Usually at this time of the year we are looking forward to the Belfast International Cross Country but after 42 years our local cross country classic has been gently laid to rest. Once the highlight of the winter season, it is no longer with us. And like the parrot in the Montyn Python sketch, they tell us it is merely resting but we know better. It is dead! It is no more! It has ceased to be! It is said to be the victim of a clash of dates with its more famous sibling in Scotland, the Great Edinburgh Cross Country, but one questions whether another date could not be found.
The cross country classic was first hosted in 1977 and has gone under a variety of guises. For the 2000 and 2001 races, it was known as the Fila International Cross Country, for the 1995-1999 meetings as the Coca Cola International Cross Country; for the 1994 race, it went under the banner of the Ulster Milk Games International; for the 1992-1993 races, it became the Reebok International Cross Country; for the 1989 race, it was titled as the Brooks International Cross Country; for the 1990-1991 and 1977-1988 races, it became the Mallusk Cross Country. Many names and a few locations but consistently an opportunity to see world class performers on our own doorstep.
The fixture has seen some of the world’s best runners compete. Waterford man Gerry Deegan was the winner of the first race with Olympic gold medallist Steve Ovett taking the laurels the following year. The Brighton athlete returned in 1984 to lift the title for a second time but in the meantime Ireland’s two-time world champion John Treacy had prevailed over a strong field in 1982. It was shortly afterwards that the east Africans claimed ownership of the race with American Dathan Ritzenhein, in 2005, being the last non-African to cross the finish line in first place.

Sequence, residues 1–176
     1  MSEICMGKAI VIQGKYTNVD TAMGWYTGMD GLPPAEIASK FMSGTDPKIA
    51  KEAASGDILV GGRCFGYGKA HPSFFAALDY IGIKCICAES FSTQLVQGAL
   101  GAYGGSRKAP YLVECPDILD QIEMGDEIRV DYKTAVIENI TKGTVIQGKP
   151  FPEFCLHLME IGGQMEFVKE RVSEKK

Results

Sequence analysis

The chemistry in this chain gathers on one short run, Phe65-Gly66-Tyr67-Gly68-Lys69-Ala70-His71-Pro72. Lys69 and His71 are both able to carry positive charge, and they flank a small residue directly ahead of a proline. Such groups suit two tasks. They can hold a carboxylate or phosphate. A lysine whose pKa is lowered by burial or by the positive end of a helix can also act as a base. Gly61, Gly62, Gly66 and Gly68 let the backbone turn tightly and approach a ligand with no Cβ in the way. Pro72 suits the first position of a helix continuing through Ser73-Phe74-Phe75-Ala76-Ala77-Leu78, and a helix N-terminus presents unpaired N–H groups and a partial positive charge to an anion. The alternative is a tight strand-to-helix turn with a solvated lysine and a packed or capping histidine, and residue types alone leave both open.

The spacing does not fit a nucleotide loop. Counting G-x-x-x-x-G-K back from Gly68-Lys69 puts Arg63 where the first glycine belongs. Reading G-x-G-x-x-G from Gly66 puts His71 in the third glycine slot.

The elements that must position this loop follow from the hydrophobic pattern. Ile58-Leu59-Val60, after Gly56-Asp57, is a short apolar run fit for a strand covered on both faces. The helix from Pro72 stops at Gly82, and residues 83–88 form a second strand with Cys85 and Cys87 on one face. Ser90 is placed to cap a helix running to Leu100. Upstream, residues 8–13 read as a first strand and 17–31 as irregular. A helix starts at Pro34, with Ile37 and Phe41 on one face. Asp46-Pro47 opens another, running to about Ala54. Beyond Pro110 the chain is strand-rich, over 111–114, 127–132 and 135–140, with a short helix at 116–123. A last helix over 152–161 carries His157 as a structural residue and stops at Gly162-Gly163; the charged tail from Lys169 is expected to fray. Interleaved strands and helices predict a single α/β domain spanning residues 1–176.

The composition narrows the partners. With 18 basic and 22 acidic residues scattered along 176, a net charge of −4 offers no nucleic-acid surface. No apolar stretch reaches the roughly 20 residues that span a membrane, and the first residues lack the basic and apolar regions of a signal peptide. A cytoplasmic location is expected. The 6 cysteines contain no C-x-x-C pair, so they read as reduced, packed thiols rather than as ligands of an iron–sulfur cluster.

The women’s race was added in 1986 with Susan Tooby, now Wightman, from Wales the first winner. Running legends like Liz McColgan (1987/1988) and Paula Radcliffe (1994/1996/2000/2001) claimed multiple wins while Irish athletes have held their own in the women’s event, with Roisin Smyth (1990), Catherina McKiernan (1992/1993), Mary Cullen (2010) and Fionnuala McCormick (2012/2013) all claiming wins.
It could be seen as purely a sop to the local followers of the sport when the Bobby Rea Memorial in November was rebranded an international. A few runners from across the water do not make an international. Many felt they were being offered a slug as a replacement for a Norwegian Blue parrot!